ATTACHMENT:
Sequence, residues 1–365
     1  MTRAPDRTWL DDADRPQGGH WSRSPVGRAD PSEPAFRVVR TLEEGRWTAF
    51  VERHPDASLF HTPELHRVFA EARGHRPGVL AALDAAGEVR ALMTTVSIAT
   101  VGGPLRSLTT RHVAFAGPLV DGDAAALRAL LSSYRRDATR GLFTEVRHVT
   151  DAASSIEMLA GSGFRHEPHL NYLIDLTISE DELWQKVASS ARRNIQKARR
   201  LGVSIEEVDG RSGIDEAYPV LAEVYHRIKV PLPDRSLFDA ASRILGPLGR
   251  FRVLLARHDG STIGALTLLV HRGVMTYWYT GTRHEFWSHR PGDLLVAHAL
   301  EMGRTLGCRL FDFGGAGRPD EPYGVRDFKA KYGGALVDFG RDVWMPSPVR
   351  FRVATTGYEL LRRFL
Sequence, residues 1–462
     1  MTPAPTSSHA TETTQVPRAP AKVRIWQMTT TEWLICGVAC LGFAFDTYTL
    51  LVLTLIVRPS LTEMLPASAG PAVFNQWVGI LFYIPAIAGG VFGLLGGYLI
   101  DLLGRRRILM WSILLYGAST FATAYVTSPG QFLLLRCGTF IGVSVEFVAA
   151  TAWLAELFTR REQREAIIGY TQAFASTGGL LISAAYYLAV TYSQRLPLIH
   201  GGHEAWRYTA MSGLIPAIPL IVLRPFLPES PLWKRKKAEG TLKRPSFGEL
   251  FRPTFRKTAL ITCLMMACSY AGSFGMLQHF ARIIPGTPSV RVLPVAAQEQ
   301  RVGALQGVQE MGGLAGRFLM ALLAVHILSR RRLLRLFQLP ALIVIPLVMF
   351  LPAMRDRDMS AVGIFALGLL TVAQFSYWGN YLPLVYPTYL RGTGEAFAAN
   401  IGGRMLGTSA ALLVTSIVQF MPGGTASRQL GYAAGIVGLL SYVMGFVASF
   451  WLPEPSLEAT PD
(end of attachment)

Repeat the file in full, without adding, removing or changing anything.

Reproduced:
Sequence, residues 1–365
     1  MTRAPDRTWL DDADRPQGGH WSRSPVGRAD PSEPAFRVVR TLEEGRWTAF
    51  VERHPDASLF HTPELHRVFA EARGHRPGVL AALDAAGEVR ALMTTVSIAT
   101  VGGPLRSLTT RHVAFAGPLV DGDAAALRAL LSSYRRDATR GLFTEVRHVT
   151  DAASSIEMLA GSGFRHEPHL NYLIDLTISE DELWQKVASS ARRNIQKARR
   201  LGVSIEEVDG RSGIDEAYPV LAEVYHRIKV PLPDRSLFDA ASRILGPLGR
   251  FRVLLARHDG STIGALTLLV HRGVMTYWYT GTRHEFWSHR PGDLLVAHAL
   301  EMGRTLGCRL FDFGGAGRPD EPYGVRDFKA KYGGALVDFG RDVWMPSPVR
   351  FRVATTGYEL LRRFL
Sequence, residues 1–462
     1  MTPAPTSSHA TETTQVPRAP AKVRIWQMTT TEWLICGVAC LGFAFDTYTL
    51  LVLTLIVRPS LTEMLPASAG PAVFNQWVGI LFYIPAIAGG VFGLLGGYLI
   101  DLLGRRRILM WSILLYGAST FATAYVTSPG QFLLLRCGTF IGVSVEFVAA
   151  TAWLAELFTR REQREAIIGY TQAFASTGGL LISAAYYLAV TYSQRLPLIH
   201  GGHEAWRYTA MSGLIPAIPL IVLRPFLPES PLWKRKKAEG TLKRPSFGEL
   251  FRPTFRKTAL ITCLMMACSY AGSFGMLQHF ARIIPGTPSV RVLPVAAQEQ
   301  RVGALQGVQE MGGLAGRFLM ALLAVHILSR RRLLRLFQLP ALIVIPLVMF
   351  LPAMRDRDMS AVGIFALGLL TVAQFSYWGN YLPLVYPTYL RGTGEAFAAN
   401  IGGRMLGTSA ALLVTSIVQF MPGGTASRQL GYAAGIVGLL SYVMGFVASF
   451  WLPEPSLEAT PD